Mostra/Nascondi contenuto.
2 “Do you ever feel like a plastic bag, drifting through the wind wanting to start again?” [Katy Perry, Fireworks] 1. INTRODUCTION 1.1 Plastic Bags and Sustainability Plastic bags have made their way into pop culture as a symbol of abandonment, uselessness and decay. We can find them swirling around on city streets, hanging from trees in forests, floating in rivers and in the sea, and generally littering almost any environment all around the world. Plastic bags also cause other damages besides spoiling our landscapes. They pose a threat to wildlife, especially marine animals, which might eat them or become entangled in them. They can also clog urban sewers and drains, creating risks for public health and safety and using up public money in removal services. One critical aspect is their persistence in the environment: a plastic bag can take up to a thousand years to break down. And when it finally does break down, it does not biodegrade; instead it photodegrades, splitting up into smaller and smaller pieces that might have long-term effects on soil and water quality. Finally, disposable plastic bags are hard to recycle and only a small fraction is recovered. Even when they are kept for reuse as liners for trash bins, for storage purposes or to clean after the family dog, they usually keep accumulating much faster than they are reutilized – virtually any household has a bulging “bag of bags”! Nevertheless, plastic bags are a relatively minor environmental problem. Despite their highly visible presence compared to other garbage materials, they constitute a small fraction of total waste production and take up little landfill space, thanks to their light weight and compression possibility. This could be seen as a reason to focus on more pressing environmental issues that have a bigger impact. However, abandoning the use of plastic bags could be a low-cost strategic choice from a broad sustainability perspective. First of all, unlike other plastic products (like packaging or product components), disposable plastic bags can be readily replaced by other types of bags that in most cases are equally effective. While the shift might cause some inconveniency, the overall cost and burden for the consumer is relatively low. It is important to carefully consider and evaluate alternatives to plastic: options that seem more sustainable might have their own set of environmental disadvantages. Only a life-cycle analysis can assess the complete impact of a product (in this case, a bag) from its production and distribution to its use and disposal. Clearly it is critical to identify solutions that achieve a net environmental benefit, without sacrificing consumers’ convenience. In the case of shopping bags, the life cycle analysis reveals the absence of a clear winner among single-use bags: a real environmental improvement can only be achieved with a switch to durable bags. Secondly, and most importantly from a strategic point of view, an anti-plastic bag initiative could constitute an environmental “foot-in-the-door”: through a relatively easy and “soft” behavior change, many individuals could become more receptive to environmental issues in general. Unlike more drastic green choices, abandoning plastic bags is an action that is within anyone’s reach, therefore it can empower individuals to take personal responsibility and bring sustainability into their own daily life. Furthermore, findings from psychology, behavior change studies and social marketing show that a small initial commitment can go a long way: agreeing to a minor request can subtly shift our self-perception and our attitude on the topic, leaving the door open for greater involvement later on. A successful campaign that A plastic bag hanging from a tree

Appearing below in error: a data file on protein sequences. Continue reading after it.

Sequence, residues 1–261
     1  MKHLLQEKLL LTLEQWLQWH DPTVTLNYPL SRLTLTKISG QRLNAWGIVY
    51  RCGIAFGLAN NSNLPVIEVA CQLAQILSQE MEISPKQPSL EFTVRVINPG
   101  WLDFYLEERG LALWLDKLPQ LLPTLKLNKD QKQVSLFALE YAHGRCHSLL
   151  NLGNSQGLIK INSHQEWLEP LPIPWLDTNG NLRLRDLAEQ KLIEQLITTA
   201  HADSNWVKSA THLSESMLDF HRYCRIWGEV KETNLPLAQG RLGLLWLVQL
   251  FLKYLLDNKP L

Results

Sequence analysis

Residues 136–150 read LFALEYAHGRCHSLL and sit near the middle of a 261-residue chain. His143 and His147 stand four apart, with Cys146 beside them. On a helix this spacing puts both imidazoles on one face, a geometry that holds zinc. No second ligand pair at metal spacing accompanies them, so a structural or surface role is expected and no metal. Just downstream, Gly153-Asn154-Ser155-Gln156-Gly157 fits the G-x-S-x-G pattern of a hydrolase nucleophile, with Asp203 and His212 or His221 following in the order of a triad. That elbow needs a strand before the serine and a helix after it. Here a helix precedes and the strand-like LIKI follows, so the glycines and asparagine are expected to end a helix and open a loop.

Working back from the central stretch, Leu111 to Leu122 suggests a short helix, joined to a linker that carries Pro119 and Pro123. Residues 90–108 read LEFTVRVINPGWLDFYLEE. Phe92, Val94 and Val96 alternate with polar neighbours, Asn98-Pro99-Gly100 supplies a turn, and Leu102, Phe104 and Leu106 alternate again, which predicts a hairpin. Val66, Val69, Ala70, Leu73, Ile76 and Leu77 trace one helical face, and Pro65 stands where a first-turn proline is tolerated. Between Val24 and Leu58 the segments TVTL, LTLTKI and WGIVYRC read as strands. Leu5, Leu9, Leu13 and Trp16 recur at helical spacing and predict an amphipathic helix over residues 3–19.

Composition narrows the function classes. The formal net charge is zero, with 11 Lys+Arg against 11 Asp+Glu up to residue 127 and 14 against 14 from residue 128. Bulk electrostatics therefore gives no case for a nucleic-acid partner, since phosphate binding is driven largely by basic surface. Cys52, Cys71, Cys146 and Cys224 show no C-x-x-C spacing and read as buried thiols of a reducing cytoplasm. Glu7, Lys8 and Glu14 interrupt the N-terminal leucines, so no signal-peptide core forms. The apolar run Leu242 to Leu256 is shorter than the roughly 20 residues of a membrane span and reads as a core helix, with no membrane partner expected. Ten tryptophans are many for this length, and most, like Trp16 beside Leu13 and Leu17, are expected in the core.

Tesi di Specializzazione/Perfezionamento

Autore: Cecilia Gamba Contatta »

Composta da 45 pagine.

 

Questa tesi ha raggiunto 1921 click dal 04/12/2012.

Disponibile in PDF, la consultazione è esclusivamente in formato digitale.